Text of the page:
Manjanggul Lava Tube Cave on Jeju Island – The volcanic island of Jeju, which is located approximately 130 kilometers from the southern coast of the Korean Peninsula, has a widespread system of lava tubes. These natural conduits through which magma once flowed are now empty caves that are some of the largest in the world. However these caves, apart from providing opportunities for scientific research, are popular sightseer destinations.
The most inspiring is the Geomunoreum Lava Tube System formed by the flow of basaltic lava when the Geomunoreum volcano erupted more than 250 thousand years ago. Amazingly the volcano has an elevation of 456 meters and lava flowed down to the coastline 13 km away, and while doing so, created plentiful lava tubes. The Manjanggul Lava Tube represents the largest cave in this system. Because it stretches 8,928 meters and its passages are up to 30 meters high and 23 meters wide.
The insides of the tube are ornamented with multi-colored carbonate decorations and countless cave formations commonly found in lava tubes. They’ve included lava stalactites and lava stalagmites, lava columns, lava flowstone, lava helictites and lava blister, cave corals, benches, lava rafts, lava bridges, lava shelves, and striations.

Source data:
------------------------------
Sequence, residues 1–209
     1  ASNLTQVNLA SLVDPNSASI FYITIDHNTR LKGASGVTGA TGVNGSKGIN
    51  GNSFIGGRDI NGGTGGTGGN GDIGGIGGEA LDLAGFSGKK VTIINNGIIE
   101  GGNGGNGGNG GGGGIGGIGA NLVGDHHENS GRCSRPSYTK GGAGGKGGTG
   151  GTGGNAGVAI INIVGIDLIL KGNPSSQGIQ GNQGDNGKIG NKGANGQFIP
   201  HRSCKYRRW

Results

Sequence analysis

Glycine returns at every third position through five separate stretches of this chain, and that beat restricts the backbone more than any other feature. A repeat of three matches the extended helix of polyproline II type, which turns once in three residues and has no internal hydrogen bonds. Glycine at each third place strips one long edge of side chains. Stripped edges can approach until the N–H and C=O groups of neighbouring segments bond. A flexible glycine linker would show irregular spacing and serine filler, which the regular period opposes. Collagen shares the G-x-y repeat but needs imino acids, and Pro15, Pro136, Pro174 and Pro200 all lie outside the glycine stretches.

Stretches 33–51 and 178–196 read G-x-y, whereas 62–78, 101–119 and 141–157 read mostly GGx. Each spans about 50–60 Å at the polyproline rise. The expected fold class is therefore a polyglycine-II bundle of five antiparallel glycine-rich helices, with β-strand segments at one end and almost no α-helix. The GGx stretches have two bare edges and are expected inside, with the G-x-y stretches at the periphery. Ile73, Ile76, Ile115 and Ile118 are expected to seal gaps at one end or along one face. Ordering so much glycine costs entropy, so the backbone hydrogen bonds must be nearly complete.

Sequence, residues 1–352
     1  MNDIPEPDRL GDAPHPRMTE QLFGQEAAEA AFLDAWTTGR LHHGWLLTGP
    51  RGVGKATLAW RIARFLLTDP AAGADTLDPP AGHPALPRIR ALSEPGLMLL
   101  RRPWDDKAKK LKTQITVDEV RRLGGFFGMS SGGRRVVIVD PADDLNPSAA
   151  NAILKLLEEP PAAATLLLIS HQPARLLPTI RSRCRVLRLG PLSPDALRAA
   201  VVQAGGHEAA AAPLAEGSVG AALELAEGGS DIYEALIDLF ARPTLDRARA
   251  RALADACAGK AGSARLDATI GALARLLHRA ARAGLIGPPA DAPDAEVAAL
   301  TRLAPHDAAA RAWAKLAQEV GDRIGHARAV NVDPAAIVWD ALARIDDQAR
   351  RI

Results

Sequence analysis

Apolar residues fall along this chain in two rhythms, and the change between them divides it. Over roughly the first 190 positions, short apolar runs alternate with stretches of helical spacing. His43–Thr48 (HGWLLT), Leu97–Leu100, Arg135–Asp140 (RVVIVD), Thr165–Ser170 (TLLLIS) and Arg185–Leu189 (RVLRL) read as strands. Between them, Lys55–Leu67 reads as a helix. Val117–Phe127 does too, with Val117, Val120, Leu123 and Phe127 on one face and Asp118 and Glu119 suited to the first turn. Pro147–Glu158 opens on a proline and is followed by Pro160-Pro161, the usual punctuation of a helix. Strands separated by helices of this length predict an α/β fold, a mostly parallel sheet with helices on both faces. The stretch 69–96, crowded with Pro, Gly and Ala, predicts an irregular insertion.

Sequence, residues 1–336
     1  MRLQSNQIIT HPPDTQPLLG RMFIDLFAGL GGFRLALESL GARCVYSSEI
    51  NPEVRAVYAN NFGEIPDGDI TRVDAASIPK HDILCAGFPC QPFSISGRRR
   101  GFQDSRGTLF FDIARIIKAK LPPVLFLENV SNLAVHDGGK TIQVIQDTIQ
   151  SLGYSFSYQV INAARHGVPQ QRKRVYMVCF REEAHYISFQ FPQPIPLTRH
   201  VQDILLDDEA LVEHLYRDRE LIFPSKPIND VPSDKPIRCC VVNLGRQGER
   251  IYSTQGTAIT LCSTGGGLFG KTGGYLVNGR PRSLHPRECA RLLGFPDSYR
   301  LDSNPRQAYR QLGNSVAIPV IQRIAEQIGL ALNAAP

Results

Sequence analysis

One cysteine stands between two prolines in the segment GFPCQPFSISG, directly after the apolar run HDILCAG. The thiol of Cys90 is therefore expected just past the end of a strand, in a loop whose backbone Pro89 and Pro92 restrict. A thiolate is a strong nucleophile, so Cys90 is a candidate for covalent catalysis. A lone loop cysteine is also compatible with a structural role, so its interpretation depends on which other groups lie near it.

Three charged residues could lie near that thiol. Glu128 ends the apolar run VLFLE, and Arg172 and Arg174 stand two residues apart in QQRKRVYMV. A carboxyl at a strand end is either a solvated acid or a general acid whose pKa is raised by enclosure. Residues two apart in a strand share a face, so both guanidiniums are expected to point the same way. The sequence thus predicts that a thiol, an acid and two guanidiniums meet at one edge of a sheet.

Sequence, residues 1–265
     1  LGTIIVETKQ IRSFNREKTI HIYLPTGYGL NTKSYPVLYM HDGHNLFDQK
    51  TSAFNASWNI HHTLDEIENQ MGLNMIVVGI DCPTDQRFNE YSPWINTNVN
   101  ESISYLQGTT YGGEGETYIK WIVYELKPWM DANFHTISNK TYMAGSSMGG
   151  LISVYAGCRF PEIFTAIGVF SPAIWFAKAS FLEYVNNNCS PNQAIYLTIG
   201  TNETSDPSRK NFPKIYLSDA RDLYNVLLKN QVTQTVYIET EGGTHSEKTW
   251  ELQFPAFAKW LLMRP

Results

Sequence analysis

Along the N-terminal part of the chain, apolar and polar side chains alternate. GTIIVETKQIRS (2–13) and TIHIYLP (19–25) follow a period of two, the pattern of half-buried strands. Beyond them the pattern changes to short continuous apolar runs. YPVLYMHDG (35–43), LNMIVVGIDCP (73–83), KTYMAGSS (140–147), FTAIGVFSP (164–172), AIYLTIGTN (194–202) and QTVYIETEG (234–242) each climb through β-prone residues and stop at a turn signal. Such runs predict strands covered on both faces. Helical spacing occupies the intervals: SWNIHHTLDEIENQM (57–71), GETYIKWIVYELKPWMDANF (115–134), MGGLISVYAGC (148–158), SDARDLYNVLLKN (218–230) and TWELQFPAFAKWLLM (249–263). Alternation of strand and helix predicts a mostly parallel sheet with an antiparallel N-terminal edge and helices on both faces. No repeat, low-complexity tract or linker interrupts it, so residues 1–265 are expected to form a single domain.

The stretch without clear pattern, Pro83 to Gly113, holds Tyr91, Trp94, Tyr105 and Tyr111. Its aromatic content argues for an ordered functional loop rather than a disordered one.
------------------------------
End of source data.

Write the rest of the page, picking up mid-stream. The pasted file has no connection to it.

So at the end of one of the passageways open for tourists, is a gigantic lava column shaped like a large amount of lava spilled from the upper level down to the lower level. This menacing column stands 7.6 meters high and is the biggest known in the world.
Moreover, some 30,000 common bent-wing bats (Miniopterus schreibersii) have taken eternal residence inside the tube, establishing the largest colony of bats so far recognized to be living in Korea. Almost 38 types of cave creatures have been recognized inside the Geomunoreum Lava Tube System, the most common of which is the Jeju cave spider (Nesticella quelpartensis).